In this pot the Cochineal beetles have been finely ground and boiled with water to create the dye bath. In Medieval Europe, Cochineal was highly prized, and used to dye the robes worn by Cardinals in the Catholic church.
After the natural dyes are mixed we place the yarn in the pot and heat dyepot so that the yarn absorbs the color. Yellow is the most common color achieved with natural plantstuffs, this pot contains the pigment from the Tansy plant.
Would you like to take a natural dye workshop with Jackie? You can find her next at Halcyon Yarn in Bath, Maine where she’ll be teaching a Natural Dye Workshop and an Indigo Dye Workshop. For a complete list of 2015 offerings, feel free to contact her at firstname.lastname@example.org
You can’t miss Margo Moore Interiors. Driving North on Route 1 into downtown Camden, the shop is one of the first points to catch your eye. Its ever-vibrant, ever-changing street-front window display room engenders a distinct joie de vivre that is the mark of the Margo Moore sensibility.
Walking into the shop gives one a complete picture of the breadth of its offerings: boldly colored home wares, elegant furnishings, bedding, carpets, lighting, soaps, gift trinkets, and more can be found for sale on the first floor of the shop. Also on the first floor is their famous display room usually showcasing a thoughtfully laid out and well-curated bedroom or cottage dining room. On the second floor is an interior design studio complete with thousands of fabric swatches, a textile library, trims and wallpapers, and other design samplings. The desks of Marcy Van der Kieft and her daughter, Megan, also live on the second floor.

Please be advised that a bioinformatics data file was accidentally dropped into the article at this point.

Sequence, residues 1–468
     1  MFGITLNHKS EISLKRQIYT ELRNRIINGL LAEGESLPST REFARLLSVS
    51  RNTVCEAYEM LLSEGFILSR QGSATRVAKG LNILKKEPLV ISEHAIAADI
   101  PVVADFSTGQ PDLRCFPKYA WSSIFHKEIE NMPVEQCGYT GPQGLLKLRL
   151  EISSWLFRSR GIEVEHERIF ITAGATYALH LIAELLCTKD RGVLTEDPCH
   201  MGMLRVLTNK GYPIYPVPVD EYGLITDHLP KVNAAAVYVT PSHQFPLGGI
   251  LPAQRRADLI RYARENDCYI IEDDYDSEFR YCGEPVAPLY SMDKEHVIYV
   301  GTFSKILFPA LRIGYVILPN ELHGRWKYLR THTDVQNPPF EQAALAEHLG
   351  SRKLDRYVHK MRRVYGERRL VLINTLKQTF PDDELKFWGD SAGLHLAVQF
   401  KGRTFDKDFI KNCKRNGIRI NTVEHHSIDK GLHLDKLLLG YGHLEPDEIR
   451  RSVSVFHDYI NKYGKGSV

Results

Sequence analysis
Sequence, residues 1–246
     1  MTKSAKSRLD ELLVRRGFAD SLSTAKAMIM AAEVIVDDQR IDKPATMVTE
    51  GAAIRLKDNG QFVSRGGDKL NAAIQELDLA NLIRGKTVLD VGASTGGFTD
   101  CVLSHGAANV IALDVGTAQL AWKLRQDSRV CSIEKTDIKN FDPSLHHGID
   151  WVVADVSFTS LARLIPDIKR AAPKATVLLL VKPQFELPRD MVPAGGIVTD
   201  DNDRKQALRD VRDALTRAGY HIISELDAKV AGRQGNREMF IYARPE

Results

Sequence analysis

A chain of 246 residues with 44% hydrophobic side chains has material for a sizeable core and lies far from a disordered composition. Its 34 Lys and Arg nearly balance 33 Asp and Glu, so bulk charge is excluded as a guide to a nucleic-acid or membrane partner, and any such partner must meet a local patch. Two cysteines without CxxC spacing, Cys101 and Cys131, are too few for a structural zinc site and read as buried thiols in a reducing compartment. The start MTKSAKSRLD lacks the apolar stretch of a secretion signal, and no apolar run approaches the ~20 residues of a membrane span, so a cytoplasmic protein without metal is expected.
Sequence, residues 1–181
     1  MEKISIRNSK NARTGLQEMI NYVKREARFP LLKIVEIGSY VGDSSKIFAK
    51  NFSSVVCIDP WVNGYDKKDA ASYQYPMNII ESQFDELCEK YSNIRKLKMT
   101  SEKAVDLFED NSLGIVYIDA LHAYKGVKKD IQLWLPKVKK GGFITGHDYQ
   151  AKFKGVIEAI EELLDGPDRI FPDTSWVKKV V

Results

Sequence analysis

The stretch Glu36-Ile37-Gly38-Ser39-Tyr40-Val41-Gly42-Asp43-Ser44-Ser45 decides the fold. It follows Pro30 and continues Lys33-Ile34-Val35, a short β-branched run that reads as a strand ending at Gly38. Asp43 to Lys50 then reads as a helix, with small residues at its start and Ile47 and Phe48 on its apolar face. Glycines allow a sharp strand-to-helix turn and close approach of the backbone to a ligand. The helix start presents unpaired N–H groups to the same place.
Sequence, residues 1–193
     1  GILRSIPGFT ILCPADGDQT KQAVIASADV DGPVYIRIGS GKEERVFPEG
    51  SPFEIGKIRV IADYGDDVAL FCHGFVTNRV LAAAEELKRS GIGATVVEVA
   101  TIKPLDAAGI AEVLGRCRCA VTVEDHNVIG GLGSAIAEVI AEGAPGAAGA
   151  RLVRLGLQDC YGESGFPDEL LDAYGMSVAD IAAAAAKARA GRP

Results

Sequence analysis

It is a family affair, with Marcy at the helm, her husband Peter focused on the marketing and the designing of the window displays, and Megan instilling her own personal touch as a partner in both the interior design aspect of the business as well as in the curation of the shop’s offerings. On this particular day, Megan and staff are rearranging displays on the first floor. Marcy is tending to her golden lab, a friendly fixture at the shop.